A year after helping a client of mine with their sales process implementation, the Sales Operations Manager (SOM) asked me to spend a half day facilitating a review and refresh of the sales process with the sales team.
Our agenda at the request of the SOM was the following:
- Review of the plusses of the sales process
- Details of the deltas (gaps) of the process and the implementation at their company
- Refresh the group on best practices when having an initial conversation with an interested prospect
- Best practices for over-the-phone sales calls
- What’s so important about “Artificial Patience”
I asked the shortest-tenured salesperson to take notes figuring he would gain most from this task. Below are his notes with some elaboration and editing.
Aside – I learned the Plusses and Deltas tactic for audience participation from another client, Leadership Strategies (LSI). LSI’s bailiwick is teaching folks how to be great facilitators.
Say you are in a meeting and you need feedback on an idea or program, or whatever. Too often, you receive a lot of blank stares or repetitive “what she said” responses. So, instead of asking for direct feedback, ask everyone to take two minutes to jot down the plusses or positive things about an idea or concept, then the negative ones or deltas on their own scratch paper. Then, go around the room getting everyone’s plusses first, then the deltas and put them up on a white board or easel.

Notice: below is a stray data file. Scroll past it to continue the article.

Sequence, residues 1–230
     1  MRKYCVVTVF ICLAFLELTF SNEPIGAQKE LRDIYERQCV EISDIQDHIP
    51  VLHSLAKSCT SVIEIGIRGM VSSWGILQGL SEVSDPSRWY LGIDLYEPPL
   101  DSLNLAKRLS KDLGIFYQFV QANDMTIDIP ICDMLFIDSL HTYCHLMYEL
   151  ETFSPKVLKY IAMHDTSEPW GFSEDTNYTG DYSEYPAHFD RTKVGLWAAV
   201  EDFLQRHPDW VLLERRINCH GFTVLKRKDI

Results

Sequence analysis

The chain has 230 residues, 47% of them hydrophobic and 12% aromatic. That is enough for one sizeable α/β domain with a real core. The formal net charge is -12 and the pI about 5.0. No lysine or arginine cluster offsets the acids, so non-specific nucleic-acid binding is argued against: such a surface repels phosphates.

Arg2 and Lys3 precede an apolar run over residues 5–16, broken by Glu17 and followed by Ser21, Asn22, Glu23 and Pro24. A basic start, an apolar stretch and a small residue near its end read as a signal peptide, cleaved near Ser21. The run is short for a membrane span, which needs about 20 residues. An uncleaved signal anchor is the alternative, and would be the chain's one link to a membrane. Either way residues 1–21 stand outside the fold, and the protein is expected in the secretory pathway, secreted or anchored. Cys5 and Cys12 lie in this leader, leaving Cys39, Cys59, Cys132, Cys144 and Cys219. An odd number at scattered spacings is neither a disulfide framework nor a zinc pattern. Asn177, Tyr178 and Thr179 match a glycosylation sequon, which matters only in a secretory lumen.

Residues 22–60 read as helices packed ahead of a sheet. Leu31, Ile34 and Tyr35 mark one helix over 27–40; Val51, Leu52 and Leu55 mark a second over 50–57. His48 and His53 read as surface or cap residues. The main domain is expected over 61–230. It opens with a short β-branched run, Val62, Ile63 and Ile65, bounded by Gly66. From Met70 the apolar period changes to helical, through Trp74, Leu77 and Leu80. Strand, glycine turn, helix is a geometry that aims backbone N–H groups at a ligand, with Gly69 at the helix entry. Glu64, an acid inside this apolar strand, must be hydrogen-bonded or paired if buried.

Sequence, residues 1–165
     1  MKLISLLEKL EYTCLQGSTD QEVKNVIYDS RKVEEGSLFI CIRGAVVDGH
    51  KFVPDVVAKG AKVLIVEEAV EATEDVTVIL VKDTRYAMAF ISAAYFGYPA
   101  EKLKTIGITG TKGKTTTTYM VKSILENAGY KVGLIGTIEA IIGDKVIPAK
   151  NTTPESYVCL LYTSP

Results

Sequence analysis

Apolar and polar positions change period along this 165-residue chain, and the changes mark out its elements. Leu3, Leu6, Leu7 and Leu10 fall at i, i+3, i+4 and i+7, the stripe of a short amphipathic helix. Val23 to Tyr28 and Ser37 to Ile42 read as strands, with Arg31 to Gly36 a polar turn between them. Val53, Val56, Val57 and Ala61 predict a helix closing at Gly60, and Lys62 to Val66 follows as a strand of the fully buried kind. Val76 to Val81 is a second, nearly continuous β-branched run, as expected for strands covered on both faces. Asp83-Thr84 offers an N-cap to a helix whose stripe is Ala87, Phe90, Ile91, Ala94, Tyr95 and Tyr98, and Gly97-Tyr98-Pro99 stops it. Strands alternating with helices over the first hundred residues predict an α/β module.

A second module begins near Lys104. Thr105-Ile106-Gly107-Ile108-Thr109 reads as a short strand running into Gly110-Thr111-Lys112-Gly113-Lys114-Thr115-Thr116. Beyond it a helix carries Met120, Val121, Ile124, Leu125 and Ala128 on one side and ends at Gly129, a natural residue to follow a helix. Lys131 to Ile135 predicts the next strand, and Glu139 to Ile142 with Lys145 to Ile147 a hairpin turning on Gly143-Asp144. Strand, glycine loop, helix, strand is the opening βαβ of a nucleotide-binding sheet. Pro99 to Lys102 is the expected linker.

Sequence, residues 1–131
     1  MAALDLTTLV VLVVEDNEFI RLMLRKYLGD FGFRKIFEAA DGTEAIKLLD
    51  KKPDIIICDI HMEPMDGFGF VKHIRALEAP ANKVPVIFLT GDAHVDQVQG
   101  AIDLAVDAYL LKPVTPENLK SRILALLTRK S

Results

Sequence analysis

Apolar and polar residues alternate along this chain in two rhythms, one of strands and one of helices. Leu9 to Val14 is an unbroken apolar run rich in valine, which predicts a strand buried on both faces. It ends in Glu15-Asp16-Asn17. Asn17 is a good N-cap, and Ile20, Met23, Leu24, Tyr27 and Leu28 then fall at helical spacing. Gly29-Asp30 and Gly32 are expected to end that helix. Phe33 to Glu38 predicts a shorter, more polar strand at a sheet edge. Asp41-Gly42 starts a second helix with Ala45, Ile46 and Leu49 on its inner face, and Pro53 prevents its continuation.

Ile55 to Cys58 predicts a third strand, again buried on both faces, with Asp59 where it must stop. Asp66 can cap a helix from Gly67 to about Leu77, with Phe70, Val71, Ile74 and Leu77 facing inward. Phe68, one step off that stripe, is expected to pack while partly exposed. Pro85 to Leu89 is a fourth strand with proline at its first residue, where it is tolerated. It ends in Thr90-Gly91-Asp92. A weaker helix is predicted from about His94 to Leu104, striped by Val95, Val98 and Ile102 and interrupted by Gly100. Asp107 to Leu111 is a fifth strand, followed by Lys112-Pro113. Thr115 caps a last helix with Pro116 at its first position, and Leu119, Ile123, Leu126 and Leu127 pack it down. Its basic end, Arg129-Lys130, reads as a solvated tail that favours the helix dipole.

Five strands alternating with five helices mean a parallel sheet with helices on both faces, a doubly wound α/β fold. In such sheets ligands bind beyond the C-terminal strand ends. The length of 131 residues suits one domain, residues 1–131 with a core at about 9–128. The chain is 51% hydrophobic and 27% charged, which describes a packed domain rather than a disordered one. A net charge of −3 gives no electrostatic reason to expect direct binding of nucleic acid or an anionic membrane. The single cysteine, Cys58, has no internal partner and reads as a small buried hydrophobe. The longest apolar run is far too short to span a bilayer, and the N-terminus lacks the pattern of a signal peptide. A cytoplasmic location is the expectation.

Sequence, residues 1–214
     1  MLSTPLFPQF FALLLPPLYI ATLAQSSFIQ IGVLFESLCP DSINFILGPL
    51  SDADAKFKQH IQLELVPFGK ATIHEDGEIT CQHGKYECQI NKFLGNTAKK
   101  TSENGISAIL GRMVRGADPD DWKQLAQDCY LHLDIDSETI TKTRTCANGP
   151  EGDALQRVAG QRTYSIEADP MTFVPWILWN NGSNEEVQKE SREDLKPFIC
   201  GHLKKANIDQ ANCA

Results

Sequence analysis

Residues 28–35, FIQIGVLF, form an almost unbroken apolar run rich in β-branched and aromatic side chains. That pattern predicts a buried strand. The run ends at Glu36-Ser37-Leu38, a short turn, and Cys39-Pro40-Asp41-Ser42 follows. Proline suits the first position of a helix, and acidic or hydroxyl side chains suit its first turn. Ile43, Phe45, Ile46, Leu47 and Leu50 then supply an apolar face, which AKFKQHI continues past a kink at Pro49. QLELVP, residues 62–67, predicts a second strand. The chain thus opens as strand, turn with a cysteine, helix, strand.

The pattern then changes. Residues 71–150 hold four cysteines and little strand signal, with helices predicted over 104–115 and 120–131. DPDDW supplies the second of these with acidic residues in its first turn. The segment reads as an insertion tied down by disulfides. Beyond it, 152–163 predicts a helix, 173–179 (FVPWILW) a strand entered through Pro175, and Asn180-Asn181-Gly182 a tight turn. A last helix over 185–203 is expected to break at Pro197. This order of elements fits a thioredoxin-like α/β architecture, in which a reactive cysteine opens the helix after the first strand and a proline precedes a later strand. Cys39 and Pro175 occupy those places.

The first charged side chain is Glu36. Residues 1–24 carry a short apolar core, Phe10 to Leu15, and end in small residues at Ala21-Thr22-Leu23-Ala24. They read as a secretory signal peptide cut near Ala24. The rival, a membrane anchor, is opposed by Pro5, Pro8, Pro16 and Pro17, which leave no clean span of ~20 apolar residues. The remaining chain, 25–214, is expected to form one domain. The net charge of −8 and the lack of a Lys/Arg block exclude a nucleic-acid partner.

I often joke that this is the “Focker” facilitation tool. In the movie “Meet the Fockers”, Ben Stiller’s parents loved Ben so much they never criticized him and overly praised him to the point of cherishing his 9th placed ribbons. Similarly, we don’t want to upset anyone by labeling negative feedback as a “minus”, so we call it a delta, as in a process engineer’s “gap”.
I. Plusses regarding the company’s sales process implementation
- It’s great having a structure
- Love the SOE [Sequence of Events, documenting the process the prospect says they will undertake to evaluate the sellers offering(s)]
- The Process reinforces that it is beneficial to treat prospects as unique, even if they are not.
- The Process Establishes Trust & Credibility
- It’s a Consultative not stereotypical approach
- Company-wide support around the sales process
- Product Specialists are motivated because they love process
- Company-wide alignment with Success Stories, Plausible Emergencies, and Usage Scenarios
- Not manipulation, rather based on persuasion
- Pausing throughout the process helps give the buyers room to express themselves and not feel hurried
- The Sales Process is all about the Customer and reinforces the sellers ability to Qualify/Disqualify
- Don’t forget you (sellers) have a role on demos – Bring it back to Value; Ask: “Does ‘this’ help with the discussed challenges?”; Ask: “Are their other challenges you are experiencing that we have not addressed?”
- Important to get appropriate pushback from product specialists; they withhold resources if they see they are being brought into the opportunity too early, before it’s properly qualified